4 Apr 2018

A woman in power doesn't guarantee an equal rights agenda

For the first time in history, we have a female president of the Senate -- the second most important office in Italy. Yet, in her political career, Maria Elisabetta Alberti Casellati has been anything but a supporter of women’s rights.

Cinzia Sciuto
Cinzia Sciuto MicroMega, Italy
Source: MicroMega
A woman in power doesn't guarantee an equal rights agenda - NewsMavens
Casellati e Berlusconi, fotomontaggio di Edoardo Baraldi

Why this story matters:

The question whether this development is a step forward in female emancipation is controversial. On the one hand, it is doubtless a positive sign that a woman -- regardless of what we think of her political agenda -- secures such a high position, which, until now, was accessible only to men.

Not long ago, misogynistic prejudice led some people to believe that women should not be judges because their judgment was not reliable during menstruation.

Even if such superstitions are still present in popular culture, the election of Casellati is a proof that times have changed.

But women are not always supporters of progressive politics.

Their presence in areas that were usually the prerogative of men is therefore not necessarily a victory for women, nor will translate into more women-friendly policies.

The career of Maria Elisabetta Alberti Casellati is emblematic of this problem. A long-time supporter of Berlusconi, she opposes gay marriage, voluntary abortion and euthanasia.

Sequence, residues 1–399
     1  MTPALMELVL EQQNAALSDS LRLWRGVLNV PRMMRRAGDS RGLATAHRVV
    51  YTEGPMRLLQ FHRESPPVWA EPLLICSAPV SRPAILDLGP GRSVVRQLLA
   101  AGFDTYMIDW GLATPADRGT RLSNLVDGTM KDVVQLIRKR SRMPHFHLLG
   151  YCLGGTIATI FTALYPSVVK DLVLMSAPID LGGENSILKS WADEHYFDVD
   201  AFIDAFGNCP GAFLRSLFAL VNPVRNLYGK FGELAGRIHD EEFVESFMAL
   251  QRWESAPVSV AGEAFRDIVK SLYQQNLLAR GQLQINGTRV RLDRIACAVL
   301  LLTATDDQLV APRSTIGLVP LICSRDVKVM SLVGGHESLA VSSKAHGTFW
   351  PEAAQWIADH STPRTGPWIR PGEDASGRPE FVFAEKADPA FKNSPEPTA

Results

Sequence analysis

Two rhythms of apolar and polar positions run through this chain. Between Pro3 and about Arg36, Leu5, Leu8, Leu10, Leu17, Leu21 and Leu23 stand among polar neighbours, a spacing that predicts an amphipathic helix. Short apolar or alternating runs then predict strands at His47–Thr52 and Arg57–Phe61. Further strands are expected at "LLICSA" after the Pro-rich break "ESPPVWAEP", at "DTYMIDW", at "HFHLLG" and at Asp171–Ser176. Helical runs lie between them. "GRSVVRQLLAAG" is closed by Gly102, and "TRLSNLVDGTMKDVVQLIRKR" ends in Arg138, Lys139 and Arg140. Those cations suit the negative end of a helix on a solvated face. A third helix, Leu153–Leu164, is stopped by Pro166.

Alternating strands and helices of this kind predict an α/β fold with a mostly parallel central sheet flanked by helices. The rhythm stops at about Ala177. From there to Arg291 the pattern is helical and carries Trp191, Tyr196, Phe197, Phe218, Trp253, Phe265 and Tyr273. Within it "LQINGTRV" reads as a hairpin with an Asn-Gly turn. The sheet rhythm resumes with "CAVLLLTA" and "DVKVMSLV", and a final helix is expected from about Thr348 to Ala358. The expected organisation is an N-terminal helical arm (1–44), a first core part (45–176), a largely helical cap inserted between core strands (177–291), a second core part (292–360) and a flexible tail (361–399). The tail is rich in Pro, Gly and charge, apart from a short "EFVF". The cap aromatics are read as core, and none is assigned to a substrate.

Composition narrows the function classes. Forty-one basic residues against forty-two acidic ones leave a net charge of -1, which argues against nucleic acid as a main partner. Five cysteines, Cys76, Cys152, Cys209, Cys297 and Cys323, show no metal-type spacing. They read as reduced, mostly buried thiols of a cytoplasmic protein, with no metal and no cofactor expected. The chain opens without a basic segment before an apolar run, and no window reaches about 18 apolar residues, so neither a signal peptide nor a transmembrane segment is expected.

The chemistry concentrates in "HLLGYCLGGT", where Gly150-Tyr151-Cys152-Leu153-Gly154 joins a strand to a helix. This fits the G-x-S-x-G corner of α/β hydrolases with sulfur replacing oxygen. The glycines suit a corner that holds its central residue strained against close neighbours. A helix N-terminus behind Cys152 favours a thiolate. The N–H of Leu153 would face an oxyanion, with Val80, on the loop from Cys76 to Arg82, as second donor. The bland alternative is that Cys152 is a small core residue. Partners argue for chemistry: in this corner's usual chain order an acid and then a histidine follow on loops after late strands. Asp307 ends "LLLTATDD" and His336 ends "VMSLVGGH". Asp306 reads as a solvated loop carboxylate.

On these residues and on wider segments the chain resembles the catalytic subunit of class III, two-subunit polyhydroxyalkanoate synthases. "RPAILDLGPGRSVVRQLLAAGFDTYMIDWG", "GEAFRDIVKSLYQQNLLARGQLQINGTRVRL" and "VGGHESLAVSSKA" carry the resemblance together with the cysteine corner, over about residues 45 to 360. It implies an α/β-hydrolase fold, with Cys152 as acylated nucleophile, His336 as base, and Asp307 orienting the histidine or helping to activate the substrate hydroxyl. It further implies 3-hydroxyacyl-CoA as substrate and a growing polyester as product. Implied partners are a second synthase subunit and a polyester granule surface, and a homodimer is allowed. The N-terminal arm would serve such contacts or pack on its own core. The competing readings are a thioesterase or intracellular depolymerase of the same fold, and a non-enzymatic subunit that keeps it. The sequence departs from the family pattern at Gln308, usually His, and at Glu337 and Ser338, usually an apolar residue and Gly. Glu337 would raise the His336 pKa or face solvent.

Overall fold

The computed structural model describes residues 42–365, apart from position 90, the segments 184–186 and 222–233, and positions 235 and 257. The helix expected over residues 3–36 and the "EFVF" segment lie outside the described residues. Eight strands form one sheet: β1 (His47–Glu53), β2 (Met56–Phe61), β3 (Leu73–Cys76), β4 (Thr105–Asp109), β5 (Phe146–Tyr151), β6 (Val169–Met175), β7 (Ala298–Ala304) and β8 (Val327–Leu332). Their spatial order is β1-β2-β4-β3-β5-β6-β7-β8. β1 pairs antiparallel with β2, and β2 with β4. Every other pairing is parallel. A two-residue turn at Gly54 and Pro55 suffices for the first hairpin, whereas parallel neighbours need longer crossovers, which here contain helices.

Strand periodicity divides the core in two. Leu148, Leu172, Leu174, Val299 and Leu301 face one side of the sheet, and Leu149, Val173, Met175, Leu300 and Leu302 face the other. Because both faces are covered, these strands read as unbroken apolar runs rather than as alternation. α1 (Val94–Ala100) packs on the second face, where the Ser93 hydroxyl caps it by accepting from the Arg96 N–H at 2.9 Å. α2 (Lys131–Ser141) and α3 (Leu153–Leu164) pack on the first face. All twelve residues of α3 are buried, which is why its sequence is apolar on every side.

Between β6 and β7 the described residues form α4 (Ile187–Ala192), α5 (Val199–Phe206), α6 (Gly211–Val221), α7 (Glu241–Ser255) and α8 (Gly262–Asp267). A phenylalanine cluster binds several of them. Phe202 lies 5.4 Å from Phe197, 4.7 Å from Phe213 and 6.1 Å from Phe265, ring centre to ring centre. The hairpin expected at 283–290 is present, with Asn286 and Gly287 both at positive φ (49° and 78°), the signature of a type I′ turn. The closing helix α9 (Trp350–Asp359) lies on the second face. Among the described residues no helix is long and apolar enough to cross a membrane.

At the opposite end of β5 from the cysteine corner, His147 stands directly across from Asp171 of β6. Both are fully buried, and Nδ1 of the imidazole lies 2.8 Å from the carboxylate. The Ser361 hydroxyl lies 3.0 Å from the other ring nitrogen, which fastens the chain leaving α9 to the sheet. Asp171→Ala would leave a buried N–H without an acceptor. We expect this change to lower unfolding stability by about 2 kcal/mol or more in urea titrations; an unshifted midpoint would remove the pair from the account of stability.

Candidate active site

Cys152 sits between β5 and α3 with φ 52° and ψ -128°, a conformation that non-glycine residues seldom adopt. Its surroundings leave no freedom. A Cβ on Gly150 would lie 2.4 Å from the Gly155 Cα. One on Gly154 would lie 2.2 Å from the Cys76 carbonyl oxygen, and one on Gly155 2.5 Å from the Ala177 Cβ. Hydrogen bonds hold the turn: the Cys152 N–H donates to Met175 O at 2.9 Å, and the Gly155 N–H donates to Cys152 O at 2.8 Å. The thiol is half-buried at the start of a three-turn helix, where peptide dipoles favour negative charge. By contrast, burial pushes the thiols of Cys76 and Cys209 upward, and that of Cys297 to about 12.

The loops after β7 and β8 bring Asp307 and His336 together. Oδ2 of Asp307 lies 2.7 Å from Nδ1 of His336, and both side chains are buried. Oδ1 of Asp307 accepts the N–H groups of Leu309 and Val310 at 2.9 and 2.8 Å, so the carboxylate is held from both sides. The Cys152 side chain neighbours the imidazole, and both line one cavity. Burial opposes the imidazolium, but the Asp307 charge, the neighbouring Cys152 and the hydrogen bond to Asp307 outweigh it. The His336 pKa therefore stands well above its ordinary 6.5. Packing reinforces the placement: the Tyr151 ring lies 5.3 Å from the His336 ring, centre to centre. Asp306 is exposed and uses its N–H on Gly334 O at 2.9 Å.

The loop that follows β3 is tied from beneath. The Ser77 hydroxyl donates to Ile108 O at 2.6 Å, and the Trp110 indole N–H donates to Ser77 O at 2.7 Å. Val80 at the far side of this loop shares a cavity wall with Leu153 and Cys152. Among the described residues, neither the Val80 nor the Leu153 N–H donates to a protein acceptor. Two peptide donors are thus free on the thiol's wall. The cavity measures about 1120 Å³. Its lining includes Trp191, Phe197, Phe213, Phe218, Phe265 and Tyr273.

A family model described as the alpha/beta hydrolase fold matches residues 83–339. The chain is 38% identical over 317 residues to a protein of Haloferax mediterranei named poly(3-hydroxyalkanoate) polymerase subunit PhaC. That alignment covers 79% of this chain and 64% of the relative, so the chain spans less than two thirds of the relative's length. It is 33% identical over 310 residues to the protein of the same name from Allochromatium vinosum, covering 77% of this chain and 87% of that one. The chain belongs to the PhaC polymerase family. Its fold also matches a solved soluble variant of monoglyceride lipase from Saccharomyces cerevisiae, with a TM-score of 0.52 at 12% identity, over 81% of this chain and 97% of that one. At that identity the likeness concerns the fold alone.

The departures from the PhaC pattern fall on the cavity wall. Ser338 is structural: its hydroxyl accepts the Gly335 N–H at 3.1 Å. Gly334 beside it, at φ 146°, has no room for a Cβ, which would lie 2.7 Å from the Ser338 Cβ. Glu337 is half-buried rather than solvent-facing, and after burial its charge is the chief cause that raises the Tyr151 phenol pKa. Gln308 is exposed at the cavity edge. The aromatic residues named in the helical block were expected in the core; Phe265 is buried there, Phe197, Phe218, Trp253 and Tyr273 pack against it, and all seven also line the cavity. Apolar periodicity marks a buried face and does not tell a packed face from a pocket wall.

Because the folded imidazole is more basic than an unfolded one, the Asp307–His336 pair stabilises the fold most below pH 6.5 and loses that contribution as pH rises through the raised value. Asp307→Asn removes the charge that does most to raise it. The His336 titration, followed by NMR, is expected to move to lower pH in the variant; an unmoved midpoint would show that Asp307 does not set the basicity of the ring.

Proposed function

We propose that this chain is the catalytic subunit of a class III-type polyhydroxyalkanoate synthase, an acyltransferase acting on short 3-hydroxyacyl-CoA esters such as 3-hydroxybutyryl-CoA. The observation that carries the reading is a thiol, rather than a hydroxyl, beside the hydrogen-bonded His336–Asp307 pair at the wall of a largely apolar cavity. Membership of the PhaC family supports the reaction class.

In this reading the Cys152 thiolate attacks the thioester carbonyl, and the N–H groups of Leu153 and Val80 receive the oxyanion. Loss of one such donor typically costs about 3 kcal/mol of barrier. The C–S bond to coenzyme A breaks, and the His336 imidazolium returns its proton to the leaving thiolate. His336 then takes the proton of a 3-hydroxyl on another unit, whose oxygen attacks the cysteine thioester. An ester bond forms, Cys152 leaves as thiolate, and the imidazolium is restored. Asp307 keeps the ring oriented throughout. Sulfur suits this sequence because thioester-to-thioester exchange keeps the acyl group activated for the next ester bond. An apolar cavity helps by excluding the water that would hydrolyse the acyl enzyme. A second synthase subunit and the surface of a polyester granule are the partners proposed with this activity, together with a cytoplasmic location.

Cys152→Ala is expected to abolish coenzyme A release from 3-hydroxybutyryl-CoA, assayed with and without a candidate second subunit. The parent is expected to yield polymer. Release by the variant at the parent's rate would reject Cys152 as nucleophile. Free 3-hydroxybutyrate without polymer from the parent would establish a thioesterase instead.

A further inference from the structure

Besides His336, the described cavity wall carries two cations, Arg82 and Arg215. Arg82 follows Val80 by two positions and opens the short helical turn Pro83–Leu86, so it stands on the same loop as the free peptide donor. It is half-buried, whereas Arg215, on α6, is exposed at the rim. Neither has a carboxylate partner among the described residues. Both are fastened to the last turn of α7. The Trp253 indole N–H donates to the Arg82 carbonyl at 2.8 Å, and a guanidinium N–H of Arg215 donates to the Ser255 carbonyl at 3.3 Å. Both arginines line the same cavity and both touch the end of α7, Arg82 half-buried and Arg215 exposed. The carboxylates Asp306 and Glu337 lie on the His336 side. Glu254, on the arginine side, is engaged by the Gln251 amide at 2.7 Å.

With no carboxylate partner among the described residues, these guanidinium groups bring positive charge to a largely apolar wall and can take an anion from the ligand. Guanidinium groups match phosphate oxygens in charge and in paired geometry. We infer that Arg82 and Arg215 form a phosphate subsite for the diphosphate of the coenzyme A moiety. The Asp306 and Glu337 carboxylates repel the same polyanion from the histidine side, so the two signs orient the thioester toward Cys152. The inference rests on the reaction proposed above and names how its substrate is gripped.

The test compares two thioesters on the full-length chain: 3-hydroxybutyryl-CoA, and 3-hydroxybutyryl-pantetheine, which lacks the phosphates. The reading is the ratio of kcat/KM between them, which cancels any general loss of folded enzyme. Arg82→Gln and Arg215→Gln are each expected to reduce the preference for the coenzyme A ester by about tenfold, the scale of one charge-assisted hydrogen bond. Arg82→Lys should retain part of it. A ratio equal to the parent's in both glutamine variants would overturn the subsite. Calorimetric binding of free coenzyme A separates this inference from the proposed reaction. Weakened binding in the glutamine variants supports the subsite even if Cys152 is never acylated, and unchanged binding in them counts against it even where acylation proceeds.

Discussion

It seems that we should let go of the illusion that female politicians are any different than male. There are women who support reactionary, conservative politics and defend the patriarchal society (which would gladly take away their positions -- a blatant paradox). And then there are men who advocate feminist, progressive and women-friendly policies.

women's issues, politics, gender

Details from the story:

  • On March 24, Maria Elisabetta Alberti Casellati, senator of Forza Italia, was elected president of the Italian Senate, as the first woman in history.
  • It is the second most important office in the country. In the event of impeachment, Casellati would take over the duties of the President of the Republic.
  • The office also plays a central role in the formation of the government. If an agreement concerning the future Prime Minister is not reached (which is likely), the President of the Republic will give Casellati the right to to establish the so-called "institutional" government.
  • Senator Casellati is known for her reactionary and conservative views. She was also one of the most strenuous defenders of Berlusconi during his trial.
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